What should be interesting to the reader are the numerous descriptions and captions for images not usually seen in other publications.  One would think that after all the books being printed, the images would be the same ones.  Not so with this book.  There are a plethora of images and they are well-annotated with interesting narratives.

   Hughes does a very good job of tying the images to historical facts regarding the war.  Prisoners are not just soldiers who are captured —- they are used as teaching points.  He uses the POW images to describe prisoner camps on both sides and the “exchange” system which eventually broke-down.  The images serve as a means by which to discuss the war in finite “bytes”.   For example, the war at sea is concisely addressed by giving the history of specific ships —- such as the CSS Chicora.  The Chicora’s history is the background for an explanation of the blockade.  Hughes even includes an image of one of his ancestors, Andrew Jackson Hughes explaining what happened to each veteran.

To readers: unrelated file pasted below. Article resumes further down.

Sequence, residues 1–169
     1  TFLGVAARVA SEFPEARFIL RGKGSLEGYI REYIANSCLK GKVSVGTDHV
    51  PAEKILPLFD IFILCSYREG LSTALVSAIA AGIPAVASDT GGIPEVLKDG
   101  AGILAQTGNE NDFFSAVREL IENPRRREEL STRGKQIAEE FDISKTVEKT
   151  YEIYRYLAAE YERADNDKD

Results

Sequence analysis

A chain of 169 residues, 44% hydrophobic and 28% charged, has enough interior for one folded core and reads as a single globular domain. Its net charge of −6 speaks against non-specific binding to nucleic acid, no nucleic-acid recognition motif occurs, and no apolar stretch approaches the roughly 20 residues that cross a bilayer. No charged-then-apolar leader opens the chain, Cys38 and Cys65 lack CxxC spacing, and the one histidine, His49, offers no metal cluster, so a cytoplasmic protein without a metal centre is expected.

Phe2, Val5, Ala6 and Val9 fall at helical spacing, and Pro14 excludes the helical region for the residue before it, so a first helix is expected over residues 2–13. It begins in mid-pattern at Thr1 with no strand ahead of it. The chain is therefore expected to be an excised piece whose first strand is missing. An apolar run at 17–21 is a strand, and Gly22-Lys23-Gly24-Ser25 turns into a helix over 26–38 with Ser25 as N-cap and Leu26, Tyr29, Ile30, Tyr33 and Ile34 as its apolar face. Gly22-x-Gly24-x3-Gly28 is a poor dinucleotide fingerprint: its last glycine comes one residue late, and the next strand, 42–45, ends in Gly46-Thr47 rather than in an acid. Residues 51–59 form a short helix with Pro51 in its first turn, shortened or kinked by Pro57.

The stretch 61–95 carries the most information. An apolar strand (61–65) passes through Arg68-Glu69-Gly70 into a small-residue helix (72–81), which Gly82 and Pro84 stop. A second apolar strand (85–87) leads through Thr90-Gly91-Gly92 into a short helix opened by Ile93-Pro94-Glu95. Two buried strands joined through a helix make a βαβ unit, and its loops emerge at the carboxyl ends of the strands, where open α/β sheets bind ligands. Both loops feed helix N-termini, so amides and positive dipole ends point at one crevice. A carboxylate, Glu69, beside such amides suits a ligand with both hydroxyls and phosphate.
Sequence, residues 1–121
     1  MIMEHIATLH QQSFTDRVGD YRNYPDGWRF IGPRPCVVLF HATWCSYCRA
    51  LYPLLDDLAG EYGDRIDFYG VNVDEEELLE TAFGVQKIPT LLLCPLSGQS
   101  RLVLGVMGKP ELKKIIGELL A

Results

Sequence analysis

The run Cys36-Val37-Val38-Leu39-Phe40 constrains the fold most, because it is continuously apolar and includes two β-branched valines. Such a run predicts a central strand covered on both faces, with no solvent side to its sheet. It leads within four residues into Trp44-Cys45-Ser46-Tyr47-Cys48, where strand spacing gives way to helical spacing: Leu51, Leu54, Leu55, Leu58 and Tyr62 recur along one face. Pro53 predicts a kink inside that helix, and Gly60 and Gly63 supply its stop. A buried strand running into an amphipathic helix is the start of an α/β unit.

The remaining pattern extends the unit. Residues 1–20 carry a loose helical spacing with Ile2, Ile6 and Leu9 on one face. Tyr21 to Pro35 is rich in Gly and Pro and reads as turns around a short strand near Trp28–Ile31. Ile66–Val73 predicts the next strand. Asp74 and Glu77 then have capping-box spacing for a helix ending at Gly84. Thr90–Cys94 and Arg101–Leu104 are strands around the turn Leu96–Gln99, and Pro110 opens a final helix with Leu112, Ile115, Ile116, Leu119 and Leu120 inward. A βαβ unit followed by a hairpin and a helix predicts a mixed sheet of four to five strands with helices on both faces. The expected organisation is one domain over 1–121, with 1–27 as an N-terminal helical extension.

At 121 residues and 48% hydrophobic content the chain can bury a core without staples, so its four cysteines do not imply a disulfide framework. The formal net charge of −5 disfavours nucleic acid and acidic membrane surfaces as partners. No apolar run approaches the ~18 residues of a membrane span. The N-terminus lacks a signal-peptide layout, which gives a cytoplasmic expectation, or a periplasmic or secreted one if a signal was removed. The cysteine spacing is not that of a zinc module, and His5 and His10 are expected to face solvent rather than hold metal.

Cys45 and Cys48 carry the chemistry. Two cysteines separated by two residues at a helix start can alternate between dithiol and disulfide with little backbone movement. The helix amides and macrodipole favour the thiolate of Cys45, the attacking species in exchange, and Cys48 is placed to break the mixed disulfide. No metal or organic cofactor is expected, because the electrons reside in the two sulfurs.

The end of the book has interesting information on the “last” Confederate soldier; researching Confederate ancestors; an excellent glossary of period terms; and geographic points of interest in the South (including short descriptions, website addresses and locations).

   I highly recommend this book for high school students to senior citizens who don’t have a depth of knowledge regarding the war but would like to learn more.  

 

Reviewed by Ed Kennedy

Targeted Tracks: The Cumberland Valley Railroad in the Civil War, 1861-1865

 Admittedly, at first glance the thought may occur regarding why the Cumberland Valley Railroad, with its origin in Harrisburg, Pennsylvania and terminus only about 25 miles inside the Maryland border at Hagerstown be of any consequence or interest with Civil War enthusiasts. The answer is revealed.